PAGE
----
SOAS Palestine Society invites everyone to join us at what promises to be a significant intervention in Palestine activism and scholarship. For over 30 years, SOAS Palestine Society has heightened awareness and understanding of the Palestinian people, their rights, culture, and struggle for self-determination, amongst students, faculty, staff, and the broader public. SOAS Palestine society aims to continuously push the frontiers of discourse in an effort to make provocative arguments and to stimulate debate and organizing for justice in Palestine through relevant conferences, and events ranging from the intellectual and political impact of Edward Said’s life and work (2004), international law and the Palestine question (2005), the economy of Palestine and its occupation (2006), the one state (2007), 60 Years of Nakba, 60 Years of Resistance (2009), and most recently, the Left in Palestine (2010).
For more information on the SOAS Palestine Society 7th annual conference, Past is Present: Settler Colonialism in Palestine: www.soaspalsoc.org
SOAS Palestine Society Organizing Collective is a group of committed students that has undertaken to organize annual academic conferences on Palestine since 2003.
[i] Patrick Wolfe, Settler Colonialism and the Transformation of Anthropology: The Politics and Poetics of an Ethnographic Event, Cassell, London, p. 163
[ii] Interview with Benny Morris, Survival of the Fittest, Haaretz, 9. January 2004, http://cosmos.ucc.ie/cs1064/jabowen/IPSC/php/art.php?aid=5412
From today’s Daily Star: “Those concerned about the lack of a government in Lebanon can take heart – the country is unlikely to come near the record-breaking 250 days without a coalition that Belgium is almost certain to reach Friday. At least that’s what Belgium’s bicycling ambassador to Lebanon, Johan Verkammen, thinks. In an interview with The Daily Star, Verkammen joked of the record, whose current holder is Iraq on 249 days, that “once we have a record, we want to keep it.” On a more serious note, he said he thought it was unlikely Lebanon would be without a government as long as Belgium. “I have the impression, although of course you never know, that talks have advanced already on the formation of this new government.” Regarding the probability that Prime Minister-designate Najib Mikati will form a government without the March 14 coalition, Verkammen remarked that “it’s not up to [non-Lebanese] to say what kind of coalition should be in the government in Lebanon. Certainly coming from Belgium where we know how difficult it is, you will not hear me saying how the Lebanese should do it.” The lack of a governing coalition is not the only parallel between the two outwardly-different countries. Belgium’s system of government divides power between the federal government, the country’s three linguistic communities, and its three regions.
Lebanon’s confessional system, which comprises 18 confessional groups, is different and perhaps more complex than Belgium’s, but Verkammen said that “it’s perhaps a little easier for us [in Belgium] to understand how to manage this diversity within a country, with different communities.” Verkammen attributed the current Belgian deadlock to controversy over institutional reforms. “As you can see from the crisis in Belgium [democracy is] always a work in progress, it’s always evolving,” he said. “But if you can make it evolve according to the wishes of the people, and through democratic dialogue, that’s fine, I think.”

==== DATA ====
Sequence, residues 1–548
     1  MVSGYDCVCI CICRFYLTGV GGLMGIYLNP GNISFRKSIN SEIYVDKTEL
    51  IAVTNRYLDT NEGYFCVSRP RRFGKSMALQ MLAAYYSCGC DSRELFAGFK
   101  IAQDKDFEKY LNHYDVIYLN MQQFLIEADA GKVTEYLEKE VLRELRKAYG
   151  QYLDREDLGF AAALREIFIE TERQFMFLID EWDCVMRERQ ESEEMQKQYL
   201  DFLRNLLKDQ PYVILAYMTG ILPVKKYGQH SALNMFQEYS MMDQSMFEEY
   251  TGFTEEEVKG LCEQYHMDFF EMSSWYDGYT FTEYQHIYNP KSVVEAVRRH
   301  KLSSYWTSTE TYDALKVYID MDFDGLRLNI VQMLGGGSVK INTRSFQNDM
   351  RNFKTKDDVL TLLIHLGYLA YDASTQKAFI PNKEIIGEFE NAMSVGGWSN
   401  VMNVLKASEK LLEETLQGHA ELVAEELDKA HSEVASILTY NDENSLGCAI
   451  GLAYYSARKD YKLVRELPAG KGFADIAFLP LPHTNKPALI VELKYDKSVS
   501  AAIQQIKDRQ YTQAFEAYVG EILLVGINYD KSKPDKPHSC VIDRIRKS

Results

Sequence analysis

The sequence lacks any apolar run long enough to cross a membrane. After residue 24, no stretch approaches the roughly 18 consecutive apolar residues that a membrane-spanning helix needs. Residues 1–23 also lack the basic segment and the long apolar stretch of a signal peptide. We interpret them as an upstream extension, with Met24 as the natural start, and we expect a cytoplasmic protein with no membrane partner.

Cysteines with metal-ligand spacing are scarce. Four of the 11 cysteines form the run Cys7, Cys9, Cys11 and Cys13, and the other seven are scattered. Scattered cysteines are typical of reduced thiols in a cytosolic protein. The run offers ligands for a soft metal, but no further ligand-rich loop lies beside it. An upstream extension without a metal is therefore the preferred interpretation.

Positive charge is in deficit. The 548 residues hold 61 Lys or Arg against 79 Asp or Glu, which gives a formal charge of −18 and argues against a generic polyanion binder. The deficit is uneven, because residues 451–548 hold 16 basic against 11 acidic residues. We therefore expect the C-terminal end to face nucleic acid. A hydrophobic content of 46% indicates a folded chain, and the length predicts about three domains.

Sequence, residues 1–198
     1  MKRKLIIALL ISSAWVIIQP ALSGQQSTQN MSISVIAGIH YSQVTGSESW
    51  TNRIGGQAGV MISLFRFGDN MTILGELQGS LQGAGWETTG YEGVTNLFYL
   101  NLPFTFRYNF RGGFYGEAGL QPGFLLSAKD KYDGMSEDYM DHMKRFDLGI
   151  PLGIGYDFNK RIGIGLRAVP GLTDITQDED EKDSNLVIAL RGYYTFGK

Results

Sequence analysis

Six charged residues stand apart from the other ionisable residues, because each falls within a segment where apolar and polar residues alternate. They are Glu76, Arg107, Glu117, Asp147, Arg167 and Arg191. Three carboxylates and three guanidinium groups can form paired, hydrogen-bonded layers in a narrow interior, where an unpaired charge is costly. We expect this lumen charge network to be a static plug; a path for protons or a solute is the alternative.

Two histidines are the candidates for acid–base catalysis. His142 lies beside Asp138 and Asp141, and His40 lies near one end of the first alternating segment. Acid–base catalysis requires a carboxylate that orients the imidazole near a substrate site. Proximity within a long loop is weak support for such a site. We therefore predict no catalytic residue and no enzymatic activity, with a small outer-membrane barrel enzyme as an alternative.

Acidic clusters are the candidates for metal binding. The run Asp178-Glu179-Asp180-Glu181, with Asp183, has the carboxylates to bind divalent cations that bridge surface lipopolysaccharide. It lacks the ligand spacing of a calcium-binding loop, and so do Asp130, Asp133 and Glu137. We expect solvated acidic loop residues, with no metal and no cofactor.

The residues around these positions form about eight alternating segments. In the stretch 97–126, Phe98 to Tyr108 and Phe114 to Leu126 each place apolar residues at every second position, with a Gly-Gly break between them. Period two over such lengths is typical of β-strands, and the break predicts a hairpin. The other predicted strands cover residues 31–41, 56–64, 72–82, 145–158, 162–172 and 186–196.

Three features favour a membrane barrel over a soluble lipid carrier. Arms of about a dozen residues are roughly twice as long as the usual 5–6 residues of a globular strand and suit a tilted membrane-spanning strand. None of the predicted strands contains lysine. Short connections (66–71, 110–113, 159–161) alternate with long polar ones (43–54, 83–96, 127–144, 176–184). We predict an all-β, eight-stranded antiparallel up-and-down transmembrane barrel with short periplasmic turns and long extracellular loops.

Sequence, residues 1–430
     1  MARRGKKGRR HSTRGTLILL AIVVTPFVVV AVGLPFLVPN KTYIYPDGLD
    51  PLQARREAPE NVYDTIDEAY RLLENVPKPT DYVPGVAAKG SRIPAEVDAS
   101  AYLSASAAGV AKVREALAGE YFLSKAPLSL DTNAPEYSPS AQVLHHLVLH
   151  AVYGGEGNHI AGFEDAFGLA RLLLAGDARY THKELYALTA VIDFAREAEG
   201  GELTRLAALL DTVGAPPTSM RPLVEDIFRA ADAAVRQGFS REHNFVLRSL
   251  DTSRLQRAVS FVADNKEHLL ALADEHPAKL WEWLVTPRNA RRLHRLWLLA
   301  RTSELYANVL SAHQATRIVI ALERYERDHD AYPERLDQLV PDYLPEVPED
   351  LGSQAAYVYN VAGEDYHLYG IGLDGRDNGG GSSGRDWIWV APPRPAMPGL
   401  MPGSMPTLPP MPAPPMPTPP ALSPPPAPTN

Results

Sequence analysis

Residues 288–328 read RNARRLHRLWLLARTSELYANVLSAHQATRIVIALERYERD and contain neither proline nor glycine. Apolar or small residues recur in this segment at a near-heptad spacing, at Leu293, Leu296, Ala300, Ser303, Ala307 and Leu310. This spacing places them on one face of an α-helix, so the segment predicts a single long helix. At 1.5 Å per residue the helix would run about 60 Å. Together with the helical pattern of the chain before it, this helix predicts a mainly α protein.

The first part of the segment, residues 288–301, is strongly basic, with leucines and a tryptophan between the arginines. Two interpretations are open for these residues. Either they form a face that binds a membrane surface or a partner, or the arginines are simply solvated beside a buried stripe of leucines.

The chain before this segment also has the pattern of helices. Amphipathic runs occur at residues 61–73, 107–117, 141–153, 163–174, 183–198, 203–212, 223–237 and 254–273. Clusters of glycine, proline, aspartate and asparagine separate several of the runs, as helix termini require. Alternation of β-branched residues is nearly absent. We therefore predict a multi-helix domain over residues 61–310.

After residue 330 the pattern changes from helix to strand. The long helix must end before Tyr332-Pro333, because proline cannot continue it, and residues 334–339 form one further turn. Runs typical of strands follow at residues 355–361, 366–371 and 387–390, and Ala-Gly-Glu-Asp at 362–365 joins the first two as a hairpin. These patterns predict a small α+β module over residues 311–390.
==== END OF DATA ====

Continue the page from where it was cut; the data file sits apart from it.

It is easy right now, with revolutions going on and riots and protests raging all over the Arab world, to lose sight of the ongoing Israel-Hezbollah conflict. Yet challenges have recently been flying over and back on both sides, with Ehud Barak claiming in a speech on an IDF base that ‘we may have to go back in soon since Hezbollah seems to have forgotten the lesson we taught it in 2006 (sic)’ and Nasrallah retorting that ‘if you attack Lebanon again, we will liberate Northern Galilee’. Now both of these statements reveal nothing new. I have argued in this blog before that Israel is hidebound on a self-destructive, suicidal course. Its leaders are very akin to the Mubaraks and Ben Alis of this world: they are so used to having their every whim attended to without a whimper of criticism or protest, that they have long ago lost the ability to think clearly and see reality for what it is. In Barak’s case: despite facts on the ground and the Winograd commission’s conclusions about the dilapidated state of the IDF, he refuses to concede that the fourth strongest army in the world, with all its hi-tech gadgetry, was utterly unable to even seriously dent a group of lightly-armed but determined guerillas. All the IDF managed to do in 2006 was what it is actually good at: massacring unarmed civilians, preferably from a mile up in the sky. As soon as they were confronted with actual trained fighters, it was they who took a beating and were forced to retreat dismally licking their wounds. Even their much-vaunted Merkava tanks were no match for Hezbollah. But as some dude in the US state department once said: the Israelis are like a guy who sets fire to his hair and then bangs his head with a hammer to put out the flames. They are unlikely to actually learn from their mistakes and will continue to underestimate their enemies. On the other hand, I have long argued on this blog that the logical next step for Hezbollah – not the type of people to get conceited and overly confident to the point of being blinded to all signs of reality – in any coming conflict would be to actually invade Israel. The mere psychological effect of the zionist state actually losing land for the first time in 70 years or so would be devastating enough to bring an end to this religious colonial adventure. Having in all probability lost the support of the Egyptian dictatorship – depending on the outcome of the ongoing events – and additionally facing a situation where their other dictator friends in the Arab world, from Jordan to Saudi Arabia to Morocco, are now politically unable to be seen as even passively supporting any Israeli military adventures, the odds are in any case stacked against them much more than in 2006 or even 2008. Do not underestimate how the Tunisian and Egyptian revolutions have galvanised minds both in the Arab world and in Europe in favour of the Arab ‘street’ (as opposed to its republican and monarchic dictatorships), or the importance of Bahrainis, Algerians, Libyans, Yemenis and Jordanians shedding their fear of their own regimes. With Palestinians already protesting both Fatah and Hamas – who both play a major part in protecting Israel – and Arabs in general emboldened and furious, going to war now would be the worst choice the zionist state could make – and if history isany guide, there is therefore a high likelihood that that is exactly the choice it will make. Don’t forget that Israel could have had peace for over ten years already, with all member states of the Arab League and the Organisation of the Islamic Conference, not to mention the UN backing the Saudi proposal for peace within the 1967 borders. Israel has consistently refused to even discuss this perfectly sensible option, just like it has consistently refused Syrian peace offers in return for the Golan Heights, and just like it keeps legitimising and strengthening Hezbollah by occupying the Shebaa farms and Ghajjar.